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A Milestone for $2 Billion in Debt Paid Off

Posted by: Rob Hof on February 24, 2009

When I wrote a cover story on in summer of 2000, Can Amazon Make It?, I was uncomfortable with the implication of the cover language that there was a good chance Amazon wouldn’t make it. Although Amazon clearly faced big challenges at the time, I didn’t think the implication that it could go out of business was warranted at the time based on what I knew about the company’s business model. And truth be told, I had some pitched conversations with some editors about that.

But there was reason for concern. Ravi Suria, a Lehman Brothers debt analyst (and how’d you like to have that title on your resume today?), got a lot of press insisting that Amazon faced imminent oblivion thanks to some $2 billion in debt. (Another question: Doesn’t $2 billion in debt sound quaintly trifling today?) He wrote in his report: “The company’s inability to make hard cash per unit sold is clearly manifested in its weak balance sheet, poor working-capital management, and massive negative operating cash flow—the financial characteristics that have driven innumerable retailers to disaster throughout history.”

Fast-forward to today, and things are a little different. In a little-noticed announcement, Amazon said it’s redeeming the last of that debt. This despite a terrible economy, especially for retail.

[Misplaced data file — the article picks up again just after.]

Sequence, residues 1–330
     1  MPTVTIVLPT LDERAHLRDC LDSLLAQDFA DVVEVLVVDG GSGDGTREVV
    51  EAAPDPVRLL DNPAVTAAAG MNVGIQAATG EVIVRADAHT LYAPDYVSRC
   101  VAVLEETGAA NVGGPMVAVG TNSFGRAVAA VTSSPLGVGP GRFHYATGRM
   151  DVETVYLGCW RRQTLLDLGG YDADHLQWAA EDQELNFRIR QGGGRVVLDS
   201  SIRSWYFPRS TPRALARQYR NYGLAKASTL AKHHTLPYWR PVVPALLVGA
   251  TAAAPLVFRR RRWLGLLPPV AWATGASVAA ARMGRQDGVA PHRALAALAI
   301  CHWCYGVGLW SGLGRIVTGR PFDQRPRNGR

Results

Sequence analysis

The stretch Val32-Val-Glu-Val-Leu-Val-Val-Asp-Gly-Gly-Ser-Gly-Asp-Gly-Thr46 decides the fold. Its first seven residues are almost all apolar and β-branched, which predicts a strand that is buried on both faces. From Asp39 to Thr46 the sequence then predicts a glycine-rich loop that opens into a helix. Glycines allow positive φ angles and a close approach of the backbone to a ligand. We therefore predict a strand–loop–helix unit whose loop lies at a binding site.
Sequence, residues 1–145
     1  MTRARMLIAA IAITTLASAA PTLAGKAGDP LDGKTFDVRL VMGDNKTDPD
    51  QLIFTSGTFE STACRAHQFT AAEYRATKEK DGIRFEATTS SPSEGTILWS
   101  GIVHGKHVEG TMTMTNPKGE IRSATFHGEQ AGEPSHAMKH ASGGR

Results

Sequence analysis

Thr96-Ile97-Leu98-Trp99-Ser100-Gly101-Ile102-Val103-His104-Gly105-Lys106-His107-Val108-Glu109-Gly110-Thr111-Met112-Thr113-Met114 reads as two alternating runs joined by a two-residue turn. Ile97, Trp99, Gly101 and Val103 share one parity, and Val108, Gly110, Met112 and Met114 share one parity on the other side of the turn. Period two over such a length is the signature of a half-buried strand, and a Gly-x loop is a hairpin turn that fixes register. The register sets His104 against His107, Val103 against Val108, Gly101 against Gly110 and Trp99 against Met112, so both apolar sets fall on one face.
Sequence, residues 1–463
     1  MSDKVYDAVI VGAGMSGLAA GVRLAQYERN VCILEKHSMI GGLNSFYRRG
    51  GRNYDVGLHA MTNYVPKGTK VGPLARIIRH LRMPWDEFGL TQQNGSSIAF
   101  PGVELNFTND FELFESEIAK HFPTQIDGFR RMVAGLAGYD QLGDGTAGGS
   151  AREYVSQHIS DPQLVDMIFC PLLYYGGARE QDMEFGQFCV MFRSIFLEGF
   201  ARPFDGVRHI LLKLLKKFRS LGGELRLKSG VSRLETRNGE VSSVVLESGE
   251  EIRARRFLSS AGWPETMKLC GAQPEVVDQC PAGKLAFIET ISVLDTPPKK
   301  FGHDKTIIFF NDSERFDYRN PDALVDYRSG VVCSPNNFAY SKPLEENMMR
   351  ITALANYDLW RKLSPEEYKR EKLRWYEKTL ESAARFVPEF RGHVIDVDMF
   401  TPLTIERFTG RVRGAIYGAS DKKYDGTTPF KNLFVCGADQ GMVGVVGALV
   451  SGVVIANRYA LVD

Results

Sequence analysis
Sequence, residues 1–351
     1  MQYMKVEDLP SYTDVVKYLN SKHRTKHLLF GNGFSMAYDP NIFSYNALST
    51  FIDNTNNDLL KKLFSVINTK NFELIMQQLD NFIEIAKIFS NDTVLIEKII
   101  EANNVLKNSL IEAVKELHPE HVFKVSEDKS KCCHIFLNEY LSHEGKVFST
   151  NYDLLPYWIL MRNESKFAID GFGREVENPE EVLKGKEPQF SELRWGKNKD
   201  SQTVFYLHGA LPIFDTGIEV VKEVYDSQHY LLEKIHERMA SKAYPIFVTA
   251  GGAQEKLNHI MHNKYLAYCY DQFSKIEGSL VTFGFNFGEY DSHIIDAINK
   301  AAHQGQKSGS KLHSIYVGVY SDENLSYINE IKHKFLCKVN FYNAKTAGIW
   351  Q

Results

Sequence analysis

I have to think that founder and CEO Jeff Bezos must be letting loose one of his thunderous laughs today. After which, as is also his style, he will get back to business.

Reader Comments


February 27, 2009 10:42 PM

Need I say more than "Lehman Brothers debt analyst" for us to understand why their prediction was false. I put little faith in analysts then, and I put littler faith in analysts today. All too often analysts use the rear view mirror to predict what will (notice I didn't say "may") appear in the windshield.

Similar to how those at the Heritgage Foundation predicted there would be no recession January 2008, and the first stimulus package was "unnecessary", when high paid analysts get it wrong, they still get paid, and try to convince investors they have it "right" this time, to which I reply, "whatever".

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